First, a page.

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Bank of Canada governor Tiff Macklem. Picture: BLOOMBERG
Bank of Canada governor Tiff Macklem. Picture: BLOOMBERG

The Bank of Canada took another aggressive step in its hiking cycle, raising its overnight interest rate by 50 basis points (bps) for a second consecutive time and warning that it may act “more forcefully” if needed to tackle inflation.

The central bank raised the overnight rate to 1.5% at a policy decision on Wednesday and delivered a hawkish statement that aired worries about inflation pressures intensifying and becoming entrenched at elevated levels.

While the 50 bps hike was expected, the language will fuel speculation that policymakers led by governor Tiff Macklem are considering a faster pace of tightening than they had been suggesting. Markets are pricing in another half-point increase at the July 13 meeting, before slowing the pace of tightening in the second half of 2022. The Bank is seen stopping around the 3% mark.

The central bank “is prepared to act more forcefully if needed to meet its commitment to achieve the 2% inflation target”, it said in the prepared statement.

“The risk of elevated inflation becoming entrenched has risen,” the officials said, adding that they would use their tools to return inflation to target and keep expectations “well anchored”.

There’s little ambiguity about the key messaging and main points of the bank’s actions. The statement highlighted how inflation is well above target and could go higher before easing, with price pressures broadening. Officials also said the economy is “clearly” operating with excess demand while growth is poised to remain heated.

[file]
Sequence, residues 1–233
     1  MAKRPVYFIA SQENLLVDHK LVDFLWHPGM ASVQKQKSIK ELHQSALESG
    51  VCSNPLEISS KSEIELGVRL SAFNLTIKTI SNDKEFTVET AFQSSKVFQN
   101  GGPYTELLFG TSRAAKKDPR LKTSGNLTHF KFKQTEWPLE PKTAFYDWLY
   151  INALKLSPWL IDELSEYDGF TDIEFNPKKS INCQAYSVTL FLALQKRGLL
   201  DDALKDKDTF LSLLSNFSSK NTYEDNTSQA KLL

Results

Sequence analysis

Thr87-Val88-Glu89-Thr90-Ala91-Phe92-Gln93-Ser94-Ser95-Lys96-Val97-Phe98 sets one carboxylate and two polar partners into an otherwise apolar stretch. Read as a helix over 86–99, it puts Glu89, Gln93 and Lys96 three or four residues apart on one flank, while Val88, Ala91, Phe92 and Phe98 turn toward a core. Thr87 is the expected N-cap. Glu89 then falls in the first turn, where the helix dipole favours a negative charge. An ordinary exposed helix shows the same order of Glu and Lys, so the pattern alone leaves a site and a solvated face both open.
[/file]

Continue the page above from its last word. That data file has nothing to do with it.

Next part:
The back-to-back jumbo increases are unprecedented since the bank began adjusting monetary policy at fixed decision dates in 2000, and are meant to be an overwhelming response to the stronger-than-anticipated inflation dogging the nation.

Policymakers conceded that inflation is rising faster than their April forecasts and “will likely move even higher in the near term before beginning to ease.”

Even with Wednesday’s increase, interest rates remain stimulative. The central bank estimates that its policy rate needs to rise to between 2% to 3% in order for borrowing costs to no longer be inflationary. But its new hawkish comments could fuel a debate whether the central bank may need to increase rates beyond the neutral range and actively slow economic growth in order to contain three-decade-high inflation.

The bank said the housing market is “moderating” from “exceptionally” elevated levels of activity, while noting that consumer spending remains robust.

Bloomberg News. More stories like this are available on bloomberg.com


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